Michael Mantler wrote the music while American author Edward Gorey wrote the lyrics, or I should say his lyrics from his book "Amphigorey" were used for this recording. Gorey's writings are interesting as he writes chilling and dark novels(accompanied with his own drawings) which are about the bizarre experiences of children, like something out of The Twilight Zone. So yes the mood of this album is dark and eerie and I have to say I have never heard Wyatt sing like this. He really hits the high notes at times but even overall it seems like he is singing out of his comfort zone much of the time, but he sounds great. Terje sounds like he usually does as his guitar cries out of the night throughout this album. What a combination though with Wyatt's voice and Rypdal's guitar playing. Carla Bley produced this and plays string synths, keyboards, clavinet and more while Nick Mason mixed it and added spoken words. The great Jack DeJohnette is on drums while Steve Swallow is on bass.

"The Sinking Spell" opens with people talking as piano and vocals come in. Guitar and synths arrive quickly and there's no mistaking Terje's playing here and throughout. Rypdal and Wyatt trade off throughout. This is where Wyatt sings in a high pitched manner. Vocal melodies from Robert late as Terje rips it up. "The Object Lesson" opens with piano and drums as almost mono-toned vocals help out. Guitar joins in on the melancholy. Some cool sounding keyboards when Wyatt stops singing briefly. When the vocals return the music becomes more avant sounding. Man Terje can play. "The Insect God" is urgent sounding where Robert almost speaks the vocal parts in a fast paced manner. Rypdal sets the soundscape on fire each time the vocals stop. The guitar is crying out of the darkness.

"The Doubtful Guest" surprisingly reminds me of PRESENT or UNIVERS ZERO the way the piano led soundscape sounds as the vocals join in. So much going on as the vocals continue. What an impressive display. "The Remembered Visit" puts the focus on the vocals as powerful orchestral sounding keys come and go with piano. It sounds like clarinet later. "The Hapless Child" is dark and melancholic as Wyatt sings in an eerie manner. Piano helps out then the guitar cries out along with trumpet. Things pickup around 3 minutes, then it picks up even more as Wyatt sings quickly with the guitar soloing over top. It then settles back with piano only before that full sound returns.

This really comes across as an Avant styled album with two very unique talents in Wyatt and Rypdal possibly giving the best performances of their lives. Still it's not exactly an easy listen, but without question this is one of the most interesting releases i've ever heard.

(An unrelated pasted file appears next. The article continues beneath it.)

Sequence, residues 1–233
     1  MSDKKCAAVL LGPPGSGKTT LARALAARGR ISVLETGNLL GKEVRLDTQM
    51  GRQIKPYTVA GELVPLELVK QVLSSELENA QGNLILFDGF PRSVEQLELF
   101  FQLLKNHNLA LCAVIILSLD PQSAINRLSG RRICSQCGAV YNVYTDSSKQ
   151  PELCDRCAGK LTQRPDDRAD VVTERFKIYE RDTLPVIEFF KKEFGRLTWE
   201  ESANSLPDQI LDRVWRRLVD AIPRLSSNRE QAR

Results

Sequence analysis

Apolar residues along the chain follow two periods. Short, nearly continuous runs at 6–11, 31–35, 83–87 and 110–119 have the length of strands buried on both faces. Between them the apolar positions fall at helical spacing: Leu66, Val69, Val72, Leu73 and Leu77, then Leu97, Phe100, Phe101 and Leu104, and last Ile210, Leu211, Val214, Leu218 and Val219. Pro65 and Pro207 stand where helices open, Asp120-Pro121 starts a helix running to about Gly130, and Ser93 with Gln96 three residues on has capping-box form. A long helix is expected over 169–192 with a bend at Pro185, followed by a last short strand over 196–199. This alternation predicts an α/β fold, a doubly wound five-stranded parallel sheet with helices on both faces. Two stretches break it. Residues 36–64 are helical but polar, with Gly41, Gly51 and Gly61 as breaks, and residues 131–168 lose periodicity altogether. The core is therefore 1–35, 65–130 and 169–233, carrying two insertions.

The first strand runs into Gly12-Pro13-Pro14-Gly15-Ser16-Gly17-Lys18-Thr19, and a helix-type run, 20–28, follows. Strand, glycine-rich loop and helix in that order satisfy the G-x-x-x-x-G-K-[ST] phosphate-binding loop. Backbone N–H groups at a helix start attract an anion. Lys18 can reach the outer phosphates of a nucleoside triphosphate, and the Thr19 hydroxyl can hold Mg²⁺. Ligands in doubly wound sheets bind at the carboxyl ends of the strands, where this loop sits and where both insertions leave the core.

Michael Mantler - 1975 - 13 & 3/4

Michael Mantler 
13 & 3/4

01. 13
02. 3/4

Orchestra 1
      (3 flutes / 12 saxophones / 9 brass)
     Orchestra 2
      (4 flutes / 10 woodwinds / 14 brass / 42 strings)

     Carla Bley  (piano)

Conducted by Michael Mantler

   Recorded August 1975,      Willow, NY

"... the finest examples of progressive large ensemble work written and recorded in America in 1975"

"Performance: Excellent ... Recording: Excellent ... probably the most ambitious compositions ever undertaken by anyone from the jazz field and a great deal more satisfying than the hybrid we have heard from 'third-stream' jazz composers"

"... (13) leaves one winded and convinced that something has taken place, even if the critical faculties fail to grasp exactly what. Not for the fainthearted."

Michael Mantler - 1973 - No Answer

Michael Mantler 
No Answer

01. Number Six
02. Number Twelve

- Carla Bley / Piano, Organ, Clavinet
- Don Cherry / Trumpet
- Jack Bruce / Vocals, Bass

     February, July, November 1973
     New York, London

hard to believe too yes that I have a voice
yes in me yes when the panting stops yes
not at other times no and that I murmur yes
I yes in the dark yes in the mud yes for
nothing yes I yes but it must be believed yes

and the mud yes the dark yes the mud and
the dark are true yes nothing to regret there no   

so things may change no answer end
no answer I may choke no answer sink
no answer sully the mud no more no answer
the dark no answer trouble the peace no
more no answer the silence no answer die
no answer DIE screams I MAY DIE screams
I SHALL DIE screams good

 (from How It Is by Samuel Beckett, translated from the French by the author,

Jack Bruce at his most, Don Cherry undiluted, Carla Bley in many layers, WATT's second record is the darker side of the deepest end. Mantler's first association with Samuel Beckett's words.

Instrumentation is sparse and somber, occasionally heavy on Bley's organ drone. Cherry's presence is comparatively brief, but he's his usual compelling, challenging self, the most distinctive trumpet voice around. Bley and Bruce carry the weight with virtuoso performances. ... This is music of great strength, created by a master composer who needs to be heard. Mantler's music demands the support of open, intelligent ears everywhere.

A Beckett-like "Endgame" atmosphere, a feeling of hopelessness, pervades the work ... a very demanding, exceptionally intelligent production